The end of France’s coal era seemed so certain last year that the operator of one of the country’s last coal-burning plants posted an upbeat educational video on YouTube titled ‘Let’s visit a coal plant that’s going to be destroyed!’
The plant in the northeastern town of Saint-Avold indeed halted coal production as scheduled earlier this year – but not for long. This week, its workers were back at the controls, transporting coal from storage heaps and refiring furnaces as part of emergency efforts to keep the heat and electricity on this winter.
The energy crisis across Europe unleashed by Russia’s war in Ukraine has paved the way for coal’s comeback in some regions, to the dismay of politicians and activists who warn that this endangers climate goals, the climate itself, and public health.
“Working here, we know the negative impact of the coal plant, but nonetheless we see it as a necessary evil,” said shift supervisor Thomas About at the Emile-Huchet Power Plant in Saint-Avold.
“Given the current state of the electrical network, I nonetheless fear greatly that this production tool is necessary in the medium term,” he told The Associated Press.
Nearby, wheel loaders scooped mounds of coal and dumped it onto conveyor belts, and grey fumes rose from the plant’s smokestacks.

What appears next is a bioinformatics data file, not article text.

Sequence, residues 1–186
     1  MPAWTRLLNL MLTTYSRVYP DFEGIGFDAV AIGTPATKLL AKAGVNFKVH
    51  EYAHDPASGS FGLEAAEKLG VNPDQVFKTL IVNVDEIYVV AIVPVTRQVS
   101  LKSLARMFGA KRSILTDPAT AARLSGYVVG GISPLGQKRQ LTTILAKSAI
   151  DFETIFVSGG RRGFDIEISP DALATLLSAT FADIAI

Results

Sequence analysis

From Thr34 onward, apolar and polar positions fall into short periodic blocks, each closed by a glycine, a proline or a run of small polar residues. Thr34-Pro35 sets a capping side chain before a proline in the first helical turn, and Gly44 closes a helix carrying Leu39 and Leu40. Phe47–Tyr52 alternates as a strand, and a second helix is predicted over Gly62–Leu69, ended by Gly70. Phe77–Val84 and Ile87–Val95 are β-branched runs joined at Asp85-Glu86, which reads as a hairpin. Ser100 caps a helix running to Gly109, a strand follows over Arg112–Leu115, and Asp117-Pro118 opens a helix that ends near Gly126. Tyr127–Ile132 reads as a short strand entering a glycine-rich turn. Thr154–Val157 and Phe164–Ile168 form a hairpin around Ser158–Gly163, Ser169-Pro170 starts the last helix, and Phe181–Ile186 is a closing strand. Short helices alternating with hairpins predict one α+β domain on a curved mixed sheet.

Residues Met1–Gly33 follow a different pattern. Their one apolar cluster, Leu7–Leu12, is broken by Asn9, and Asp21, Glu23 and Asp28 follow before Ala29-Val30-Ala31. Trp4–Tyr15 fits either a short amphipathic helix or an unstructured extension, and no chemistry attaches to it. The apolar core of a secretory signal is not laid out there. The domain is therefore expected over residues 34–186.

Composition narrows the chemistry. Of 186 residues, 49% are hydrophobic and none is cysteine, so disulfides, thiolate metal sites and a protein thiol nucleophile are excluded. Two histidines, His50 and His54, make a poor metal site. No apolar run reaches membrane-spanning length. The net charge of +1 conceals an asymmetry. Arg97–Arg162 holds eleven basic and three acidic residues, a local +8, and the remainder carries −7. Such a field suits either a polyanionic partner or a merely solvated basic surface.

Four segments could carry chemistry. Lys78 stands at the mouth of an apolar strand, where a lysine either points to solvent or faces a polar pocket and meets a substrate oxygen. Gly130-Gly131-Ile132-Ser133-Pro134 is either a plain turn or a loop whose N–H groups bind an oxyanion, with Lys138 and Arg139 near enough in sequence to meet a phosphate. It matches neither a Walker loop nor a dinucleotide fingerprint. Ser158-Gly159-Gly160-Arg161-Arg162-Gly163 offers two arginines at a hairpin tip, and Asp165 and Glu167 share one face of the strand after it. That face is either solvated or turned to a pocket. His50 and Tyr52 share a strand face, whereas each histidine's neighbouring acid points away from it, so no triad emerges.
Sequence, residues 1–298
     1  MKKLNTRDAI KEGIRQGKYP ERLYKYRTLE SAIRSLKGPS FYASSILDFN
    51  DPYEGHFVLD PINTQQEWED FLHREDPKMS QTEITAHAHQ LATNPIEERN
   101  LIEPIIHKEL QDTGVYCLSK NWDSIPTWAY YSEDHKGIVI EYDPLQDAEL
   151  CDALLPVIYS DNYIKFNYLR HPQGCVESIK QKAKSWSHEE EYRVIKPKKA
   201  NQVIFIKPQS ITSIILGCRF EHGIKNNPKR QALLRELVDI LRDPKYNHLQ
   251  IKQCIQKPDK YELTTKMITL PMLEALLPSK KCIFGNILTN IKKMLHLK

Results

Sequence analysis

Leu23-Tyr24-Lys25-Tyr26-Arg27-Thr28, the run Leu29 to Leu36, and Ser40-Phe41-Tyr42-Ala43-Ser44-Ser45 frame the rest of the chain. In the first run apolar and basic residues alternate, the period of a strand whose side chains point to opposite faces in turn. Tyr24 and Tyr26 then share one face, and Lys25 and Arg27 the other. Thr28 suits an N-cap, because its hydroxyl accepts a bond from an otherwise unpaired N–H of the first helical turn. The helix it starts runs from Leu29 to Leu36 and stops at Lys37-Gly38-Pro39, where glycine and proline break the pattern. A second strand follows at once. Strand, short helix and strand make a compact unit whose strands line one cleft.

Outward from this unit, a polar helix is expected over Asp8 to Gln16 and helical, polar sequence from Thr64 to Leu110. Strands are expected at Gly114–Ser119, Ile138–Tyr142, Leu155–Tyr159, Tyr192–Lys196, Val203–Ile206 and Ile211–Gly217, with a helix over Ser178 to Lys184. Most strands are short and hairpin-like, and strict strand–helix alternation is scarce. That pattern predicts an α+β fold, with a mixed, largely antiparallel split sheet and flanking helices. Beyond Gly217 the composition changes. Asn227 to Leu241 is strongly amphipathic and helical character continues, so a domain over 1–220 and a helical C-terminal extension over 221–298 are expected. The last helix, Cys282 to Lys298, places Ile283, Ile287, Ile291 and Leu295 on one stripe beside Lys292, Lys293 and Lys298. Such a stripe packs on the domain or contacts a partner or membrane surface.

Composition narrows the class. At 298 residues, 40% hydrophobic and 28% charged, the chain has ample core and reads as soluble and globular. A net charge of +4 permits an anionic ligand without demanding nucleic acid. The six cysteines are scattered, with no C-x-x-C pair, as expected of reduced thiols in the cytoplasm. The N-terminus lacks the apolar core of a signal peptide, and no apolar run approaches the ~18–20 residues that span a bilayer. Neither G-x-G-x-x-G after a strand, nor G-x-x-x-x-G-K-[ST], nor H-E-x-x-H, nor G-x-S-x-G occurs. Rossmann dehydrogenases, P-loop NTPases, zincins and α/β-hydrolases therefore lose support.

In France, the return to coal is surprising because the country started phasing it out decades ago, and relies heavily on nuclear power instead. But this year, on top of Russia largely cutting off natural gas to Europe, nearly half of France’s nuclear reactors shut down for maintenance, or corrosion and other problems.
Facing a worst-case scenario of rolling power cuts to households, the government issued a decree in September to allow Saint-Avold to start again and continued activity at another coal plant in western France, citing the “exceptional” and “unforeseeable” context of energy supply challenges.
President Emmanuel Macron had initially vowed to close all coal-burning plants in the country by the end of this year due to climate-related concerns.
The impact of the backtrack will largely be felt locally, since coal plays only a minor role in France’s energy mix nationwide. The two coal plants produced a maximum of 3 per cent of France’s electricity on Tuesday, according to the national grid operator, compared to some 60 per cent from nuclear plants.
The government has called on the French for a 10 per cent reduction in energy use in the coming months, including by limiting heating, to avoid the risk of rationing and cuts this winter. Government spokesperson Olivier Veran said on Wednesday that people reduced, on average, their electricity consumption by 5 per cent in October.
The government insists the return to coal will be temporary.
The company that operates the Saint-Avold plant, GazelEnergie, is continuing its work to transition the site to the “post-coal” future, with projects for biomass and hydrogen-based energy.
Workers like About hope that future comes soon.
“This page will be turned one day,” he said. “Let’s hope it will be turned quickly, so that this unit produces as little as possible.”